Project icon: lavishly furnished initial letter with a painting of Ptolemy using an astrolab.

Ptolemaeus

Arabus et Latinus

Α Β Γ Δ Ε Ζ Η Θ Ι Κ Λ Μ Ν Ξ Ο Π Ρ Σ Τ Υ Φ Χ Ψ Ω α β γ δ ε ζ η θ ι κ λ μ ν ξ ο π ρ σ ς τ υ φ χ ψ ω
The following characters have a special meaning.
Put them next to a word without a space between.
" "encloses a sequence of words so that the sequence is searched as a whole.
+The following word must appear.
-The following word must not appear.
~The following word should not appear but may appear.
<The following word should appear but is not as relevant as other words.
>The following word should appear and is more relevant than other words.
( )groups words together so that one of the prefixes above can be applied to the whole group.
*is a wildcard behind a word, representing null, one or several arbitrary characters.

Work C.1.3

Anonymous
Almagesti minor

Text ‘(Paris, BnF, lat. 16657) [preface] Omnium recte phylosophantium non solum verisimilibus et credibilibus argumentis sed et firmissimis rationibus deprehensum… (83r) [text] Data circuli dyametro latera decagoni, pentagoni, exagoni — tenebrarum sic se habent. Explicit hic sextus liber et sexti glosa textus.’

Content ‘A compendium of the first six books of the Almagest with additional material from al-Battānī and others’ (Lorch, 407). Lorch distinguishes between four groups of manuscripts: A, B, C and ‘irregular texts, commentaries, influence’ (= D below).

Origin The Almagesti minor (also known as Almagestum parvum) was composed at an unknown date before c. 1250, since it is quoted in the Speculum astronomie and in Richard of Fournival’s Biblionomia, which both date from the middle of the thirteenth century. The text is variously attributed to Albategni, Campanus, Geber, Albertus Magnus and Thomas Aquinas in the manuscripts, and to ‘Galterus de Insullis’ in Richard of Fournival’s Biblionomia. The date and authorship are as yet unclear. Lorch, 434, writes: ‘it is tentatively suggested here that the preface, most of the earlier part of the book (where the proofs are short), the enunciations and perhaps the introductions to book II-VI were the work of a scholar in the Hermann-Robert [i.e. Hermann of Carinthia and Robert of Ketton] circle in the mid-twelfth century and that the treatise was filled out later on the basis of a form of Gerard’s [Gerard of Cremona] translation of the Almagest. The whole was finished by about 1200.’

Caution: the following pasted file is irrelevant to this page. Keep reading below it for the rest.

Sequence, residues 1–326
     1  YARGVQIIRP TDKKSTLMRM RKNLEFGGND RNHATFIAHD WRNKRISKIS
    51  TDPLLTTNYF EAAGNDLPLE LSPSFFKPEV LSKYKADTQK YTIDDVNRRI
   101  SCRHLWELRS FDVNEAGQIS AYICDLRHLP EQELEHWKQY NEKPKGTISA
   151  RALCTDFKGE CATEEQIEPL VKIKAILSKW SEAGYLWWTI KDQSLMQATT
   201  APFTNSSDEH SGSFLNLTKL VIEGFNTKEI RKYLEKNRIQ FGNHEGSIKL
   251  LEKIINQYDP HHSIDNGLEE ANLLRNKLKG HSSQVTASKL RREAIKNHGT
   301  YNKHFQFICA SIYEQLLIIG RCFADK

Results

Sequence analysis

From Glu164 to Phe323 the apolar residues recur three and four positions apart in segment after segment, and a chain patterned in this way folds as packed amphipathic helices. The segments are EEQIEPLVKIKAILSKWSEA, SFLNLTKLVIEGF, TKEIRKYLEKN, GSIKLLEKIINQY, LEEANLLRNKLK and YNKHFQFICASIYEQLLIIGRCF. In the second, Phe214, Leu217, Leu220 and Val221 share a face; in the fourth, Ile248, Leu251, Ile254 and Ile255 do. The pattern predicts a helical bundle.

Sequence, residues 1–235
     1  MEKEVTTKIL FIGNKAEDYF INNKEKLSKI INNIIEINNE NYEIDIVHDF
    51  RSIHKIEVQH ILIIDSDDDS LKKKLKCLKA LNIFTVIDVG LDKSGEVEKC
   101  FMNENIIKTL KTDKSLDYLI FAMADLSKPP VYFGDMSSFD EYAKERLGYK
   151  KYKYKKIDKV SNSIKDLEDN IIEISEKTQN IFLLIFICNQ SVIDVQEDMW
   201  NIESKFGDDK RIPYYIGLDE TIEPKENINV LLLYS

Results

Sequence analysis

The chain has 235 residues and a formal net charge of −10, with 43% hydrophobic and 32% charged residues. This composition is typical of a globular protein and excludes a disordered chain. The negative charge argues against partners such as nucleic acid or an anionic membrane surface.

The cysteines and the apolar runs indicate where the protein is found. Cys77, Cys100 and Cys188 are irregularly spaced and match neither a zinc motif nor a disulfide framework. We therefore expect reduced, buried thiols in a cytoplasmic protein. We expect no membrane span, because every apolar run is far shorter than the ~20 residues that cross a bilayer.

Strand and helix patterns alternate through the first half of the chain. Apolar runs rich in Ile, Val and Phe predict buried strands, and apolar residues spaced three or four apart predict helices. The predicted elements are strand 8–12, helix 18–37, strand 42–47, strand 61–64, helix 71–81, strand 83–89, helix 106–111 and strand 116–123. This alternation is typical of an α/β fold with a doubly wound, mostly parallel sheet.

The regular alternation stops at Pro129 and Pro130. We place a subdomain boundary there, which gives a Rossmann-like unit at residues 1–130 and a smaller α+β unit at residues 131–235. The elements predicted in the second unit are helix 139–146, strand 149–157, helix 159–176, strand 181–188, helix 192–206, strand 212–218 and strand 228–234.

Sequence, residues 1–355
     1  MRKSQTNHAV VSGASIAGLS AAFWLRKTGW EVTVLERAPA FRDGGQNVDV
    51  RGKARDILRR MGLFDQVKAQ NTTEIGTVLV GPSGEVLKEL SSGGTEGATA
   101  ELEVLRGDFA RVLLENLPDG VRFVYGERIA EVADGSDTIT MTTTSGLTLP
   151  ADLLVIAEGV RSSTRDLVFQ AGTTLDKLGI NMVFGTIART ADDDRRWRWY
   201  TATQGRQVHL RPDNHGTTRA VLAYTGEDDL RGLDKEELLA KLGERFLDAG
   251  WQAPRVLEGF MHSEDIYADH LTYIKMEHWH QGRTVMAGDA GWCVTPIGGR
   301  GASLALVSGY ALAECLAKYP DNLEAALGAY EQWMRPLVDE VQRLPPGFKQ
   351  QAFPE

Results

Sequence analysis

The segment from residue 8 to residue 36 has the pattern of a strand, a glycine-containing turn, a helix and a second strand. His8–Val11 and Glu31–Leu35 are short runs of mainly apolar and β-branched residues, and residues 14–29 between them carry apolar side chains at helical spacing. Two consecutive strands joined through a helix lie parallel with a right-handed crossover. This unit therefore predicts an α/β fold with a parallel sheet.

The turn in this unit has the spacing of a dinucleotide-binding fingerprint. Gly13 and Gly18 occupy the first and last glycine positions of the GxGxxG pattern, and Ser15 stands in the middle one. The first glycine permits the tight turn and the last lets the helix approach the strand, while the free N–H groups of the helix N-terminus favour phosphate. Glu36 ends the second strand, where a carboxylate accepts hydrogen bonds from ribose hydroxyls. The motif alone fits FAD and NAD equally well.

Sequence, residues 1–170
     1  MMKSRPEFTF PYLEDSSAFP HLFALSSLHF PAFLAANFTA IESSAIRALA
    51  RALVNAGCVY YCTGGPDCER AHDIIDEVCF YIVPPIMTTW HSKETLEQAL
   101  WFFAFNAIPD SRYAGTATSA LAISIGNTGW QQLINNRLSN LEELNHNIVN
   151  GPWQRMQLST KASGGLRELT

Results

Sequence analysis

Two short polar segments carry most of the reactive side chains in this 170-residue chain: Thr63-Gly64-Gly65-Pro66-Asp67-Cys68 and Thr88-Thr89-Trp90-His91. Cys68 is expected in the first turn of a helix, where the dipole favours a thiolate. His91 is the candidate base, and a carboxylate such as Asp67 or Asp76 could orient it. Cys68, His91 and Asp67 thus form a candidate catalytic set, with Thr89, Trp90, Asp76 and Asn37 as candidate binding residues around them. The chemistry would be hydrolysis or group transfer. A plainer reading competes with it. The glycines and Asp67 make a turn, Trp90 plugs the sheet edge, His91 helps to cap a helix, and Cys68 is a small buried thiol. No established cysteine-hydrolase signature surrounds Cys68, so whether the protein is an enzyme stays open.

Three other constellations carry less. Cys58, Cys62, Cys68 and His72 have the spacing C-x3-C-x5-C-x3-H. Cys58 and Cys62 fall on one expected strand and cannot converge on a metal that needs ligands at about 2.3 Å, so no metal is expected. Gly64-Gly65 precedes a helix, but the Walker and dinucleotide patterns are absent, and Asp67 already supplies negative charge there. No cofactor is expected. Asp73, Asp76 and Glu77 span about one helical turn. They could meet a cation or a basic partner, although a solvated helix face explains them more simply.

Note Venice, BNM, lat. XIV.291 contains a work with the same incipit, but this is an alchemical work by Ficino (private communication, Henry Zepeda, 24 July 2014).

Bibl. F. J. Carmody, Arabic Astronomical and Astrological Sciences in Latin Translation. A Critical Bibliography, Berkeley-Los Angeles, 1956, 164 (no. 2); A. Birkenmajer, ‘La bibliothèque de Richard de Fournival, poète et érudit français du début du XIIIe siècle, et son sort ultérieur’, in A. Birkenmajer, Etudes d’histoire des sciences et de la philosophie du Moyen Age, Wroclaw, 1970, 117-210: 142-147; M. Pereira, ‘Campano da Novara autore dell’Almagestum parvum’, Studi Medievali 19 (1978), 769-776; R. Lorch, ‘Some Remarks on the Almagestum parvum’, in Amphora. Festschrift für Hans Wussing zu seinem 65. Geburtstag, eds S. S. Demidov, M. Folkerts et al., Basel-Boston-Berlin, 1992, 407-438; H. Zepeda, The Medieval Latin Transmission of the Menelaus Theorem, PhD Dissertation, University of Oklahoma at Norman, 2013, 166-183; H. Zepeda, ‘Euclidization in the Almagestum parvum’, Early Science and Medicine 20 (2015), 48-76.

Ed. None, except Books I-II in Zepeda, The Medieval Latin…, 444-492.

MSS

Basel, UB, F.II.33, s. XIV, f. 221r-244r

Berlin, SBPK, lat. qu. 510, s. XIII, f. 114r-175v

Cracow, BJ, 1924, s. XIII, pp. 9-163

Darmstadt, HLHB, 1987, s. XV, f. 1r-37v

Dresden, SLSUB, Db. 87, s. XIII-XIV, f. 104r-161v

Erfurt, UFB, Amplon. F. 375, s. XIV, f. (85r-103r)

Erfurt, UFB, Amplon. F. 383, s. XIV, f. 1r-52v

Erfurt, UFB, Amplon. Q. 356, s. XV, f. 1r-101v

Florence, BML, Conv. Soppr. 414, s. XIII-XIV, f. 1r-45r

Florence, BML, Plut. 89 sup. 57, s. XIII, f. (8v-88v)

Jena, TULB, El. f. 73, s. XVI, f. 182ra-182vb

Leipzig, UB, 1475, s. XV, f. 2r-51v

London, BL, Harley 625, s. XIV, f. 85r-123r and 132r-136v

Memmingen, SB, 2° 2,33, s. XV, f. 152r-198v

Milan, BA, H. 75 sup., s. XIII-XIV, f. 67ra-68rb

Munich, BSB, Clm 56, s. XV, f. 3r-120r

Munich, BSB, Clm 10661, s. XV, f. 171r-172r

Nürnberg, SB, Cent. VI 12, s. XV, f. 1r-66v

Oxford, BL, Ashmole 345, s. XIV, f. 21r-22r

Paris, BnF, lat. 7399, s. XIII, f. 15v-93v

Paris, BnF, lat. 16200, s. XIII, f. (5ra-96ra)

Paris, BnF, lat. 16657, s. XIII, f. 82v-132rImages|Text

Paris, BS, 595, s. XIV, f. 62ra-63vb

Prague, NKCR, V.A.11 (802), s. XV, f. 1r-59v

Salamanca, BU, 2662, s. XIV, f. 49va-50va

Toledo, ABC, 98-22, s. XIII, f. 67ra-80vb

Utrecht, UB, 6.A.3 (725), s. XV-XVI, f. 4r-8r

Vatican, BAV, Reg. lat. 1012, s. XIII or XIV, f. 1r-73r

Vatican, BAV, Reg. lat. 1261, s. XIII, f. 1r-49r

Vienna, ÖNB, 5258, s. XV, f. 75r-77r,

Vienna, ÖNB, 5266, s. XV, f. 176ra-228va

Vienna, ÖNB, 5273, s. XVI, f. 35v-90v

Vienna, ÖNB, 5292, s. XVI, f. 1r-65v

Vienna, ÖNB, 5303, s. XVI, f. 256r-259r

Vienna, ÖNB, 5418, s. XV, f. 184r-189v

Latin commentaries